However, one similarity between social science and natural science is their ultimate goal: to learn. As humans, we want to understand and learn more about the world around us and the people in them, and this concept is shared between many types of sciences.
The Two Main Subjects in Natural Sciences
Natural science can be further broken down into two categories: life sciences and physical sciences.
Life science refers to things like biology or human anatomy, in other words, sciences that revolve around all living things on Earth.
Physical science covers the rest of the natural sciences, like chemistry and physics, for example, so the areas that aren’t directly related to life.
Still, there are five primary branches that make up natural sciences, with each one falling into one of these two categories.
The Five Main Branches of Natural Science
Source: Unsplash Alt text: beakers in a lab used by chemists who study natural science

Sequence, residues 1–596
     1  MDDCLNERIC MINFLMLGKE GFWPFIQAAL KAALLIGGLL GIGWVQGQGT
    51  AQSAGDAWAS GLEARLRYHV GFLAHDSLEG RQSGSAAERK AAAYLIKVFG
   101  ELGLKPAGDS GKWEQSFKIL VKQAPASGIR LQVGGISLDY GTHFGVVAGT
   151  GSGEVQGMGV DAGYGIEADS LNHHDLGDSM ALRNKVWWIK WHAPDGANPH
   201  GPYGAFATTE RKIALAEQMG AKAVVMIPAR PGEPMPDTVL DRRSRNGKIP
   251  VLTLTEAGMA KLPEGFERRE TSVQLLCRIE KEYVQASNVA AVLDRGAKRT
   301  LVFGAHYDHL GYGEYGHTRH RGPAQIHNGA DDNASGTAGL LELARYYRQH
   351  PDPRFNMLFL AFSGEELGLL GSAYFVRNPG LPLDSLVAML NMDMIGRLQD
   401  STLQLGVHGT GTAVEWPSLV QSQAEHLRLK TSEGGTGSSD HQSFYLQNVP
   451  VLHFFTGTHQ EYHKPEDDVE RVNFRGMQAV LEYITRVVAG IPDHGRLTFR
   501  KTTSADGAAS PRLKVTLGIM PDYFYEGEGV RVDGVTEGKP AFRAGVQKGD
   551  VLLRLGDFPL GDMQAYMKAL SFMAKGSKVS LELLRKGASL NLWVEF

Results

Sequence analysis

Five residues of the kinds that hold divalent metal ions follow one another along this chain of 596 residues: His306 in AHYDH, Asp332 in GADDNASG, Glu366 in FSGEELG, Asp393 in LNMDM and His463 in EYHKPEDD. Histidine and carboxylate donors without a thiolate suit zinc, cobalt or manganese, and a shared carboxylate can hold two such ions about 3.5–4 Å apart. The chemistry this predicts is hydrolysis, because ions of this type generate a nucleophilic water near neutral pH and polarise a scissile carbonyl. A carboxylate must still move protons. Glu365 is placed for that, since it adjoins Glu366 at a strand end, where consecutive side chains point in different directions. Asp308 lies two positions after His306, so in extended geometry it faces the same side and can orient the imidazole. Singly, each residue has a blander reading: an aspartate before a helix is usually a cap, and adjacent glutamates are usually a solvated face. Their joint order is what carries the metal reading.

Just as social science has different branches like psychology, history, or anthropology, natural science also has different branches. Let’s take a closer look at each one to understand what they entail.
As we established earlier, biology falls under the life sciences category since it deals with living organisms on earth. Biologists can study a variety of different types of lives, from humans to animals, plants, or even microorganisms.
Biology seeks to understand the lives of all organisms, such as their physical being as well as their place in the world and how they interact with the environment.
There are many different topics you can study that fall under the umbrella of biologies, such as food science, animal biology, agriculture, or human biology.
Chemistry works with matter and studies how atoms come together and react to each other. Part of chemistry is researching things like chemical behavior, reactions, properties of different matter, their structure, and composition.
Chemists will perform experiments to study how matter bonds or interacts with each other for the purpose of discovery.